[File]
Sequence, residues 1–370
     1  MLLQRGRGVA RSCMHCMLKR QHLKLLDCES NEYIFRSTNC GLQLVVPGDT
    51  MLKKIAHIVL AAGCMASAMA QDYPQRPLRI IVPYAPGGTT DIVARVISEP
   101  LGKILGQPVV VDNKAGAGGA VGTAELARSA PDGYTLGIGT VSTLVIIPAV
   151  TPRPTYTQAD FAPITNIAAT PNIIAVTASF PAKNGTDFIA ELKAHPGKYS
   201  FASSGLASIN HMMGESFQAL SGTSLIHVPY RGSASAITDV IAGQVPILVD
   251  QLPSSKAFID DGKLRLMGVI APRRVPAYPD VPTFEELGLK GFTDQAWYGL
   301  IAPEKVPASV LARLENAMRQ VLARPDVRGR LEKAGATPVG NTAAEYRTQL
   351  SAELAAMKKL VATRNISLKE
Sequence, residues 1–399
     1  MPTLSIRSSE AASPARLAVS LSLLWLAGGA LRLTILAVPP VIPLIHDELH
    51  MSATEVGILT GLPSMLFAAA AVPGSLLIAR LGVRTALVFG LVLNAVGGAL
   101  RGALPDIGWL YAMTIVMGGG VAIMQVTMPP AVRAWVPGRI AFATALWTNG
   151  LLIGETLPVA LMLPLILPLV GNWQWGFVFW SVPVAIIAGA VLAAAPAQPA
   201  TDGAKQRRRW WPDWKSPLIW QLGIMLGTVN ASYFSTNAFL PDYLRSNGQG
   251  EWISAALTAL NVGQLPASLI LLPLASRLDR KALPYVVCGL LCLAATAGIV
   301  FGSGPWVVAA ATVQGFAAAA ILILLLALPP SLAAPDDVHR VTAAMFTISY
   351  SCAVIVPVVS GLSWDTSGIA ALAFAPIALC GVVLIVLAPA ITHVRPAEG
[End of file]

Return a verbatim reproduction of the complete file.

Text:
Sequence, residues 1–370
     1  MLLQRGRGVA RSCMHCMLKR QHLKLLDCES NEYIFRSTNC GLQLVVPGDT
    51  MLKKIAHIVL AAGCMASAMA QDYPQRPLRI IVPYAPGGTT DIVARVISEP
   101  LGKILGQPVV VDNKAGAGGA VGTAELARSA PDGYTLGIGT VSTLVIIPAV
   151  TPRPTYTQAD FAPITNIAAT PNIIAVTASF PAKNGTDFIA ELKAHPGKYS
   201  FASSGLASIN HMMGESFQAL SGTSLIHVPY RGSASAITDV IAGQVPILVD
   251  QLPSSKAFID DGKLRLMGVI APRRVPAYPD VPTFEELGLK GFTDQAWYGL
   301  IAPEKVPASV LARLENAMRQ VLARPDVRGR LEKAGATPVG NTAAEYRTQL
   351  SAELAAMKKL VATRNISLKE
Sequence, residues 1–399
     1  MPTLSIRSSE AASPARLAVS LSLLWLAGGA LRLTILAVPP VIPLIHDELH
    51  MSATEVGILT GLPSMLFAAA AVPGSLLIAR LGVRTALVFG LVLNAVGGAL
   101  RGALPDIGWL YAMTIVMGGG VAIMQVTMPP AVRAWVPGRI AFATALWTNG
   151  LLIGETLPVA LMLPLILPLV GNWQWGFVFW SVPVAIIAGA VLAAAPAQPA
   201  TDGAKQRRRW WPDWKSPLIW QLGIMLGTVN ASYFSTNAFL PDYLRSNGQG
   251  EWISAALTAL NVGQLPASLI LLPLASRLDR KALPYVVCGL LCLAATAGIV
   301  FGSGPWVVAA ATVQGFAAAA ILILLLALPP SLAAPDDVHR VTAAMFTISY
   351  SCAVIVPVVS GLSWDTSGIA ALAFAPIALC GVVLIVLAPA ITHVRPAEG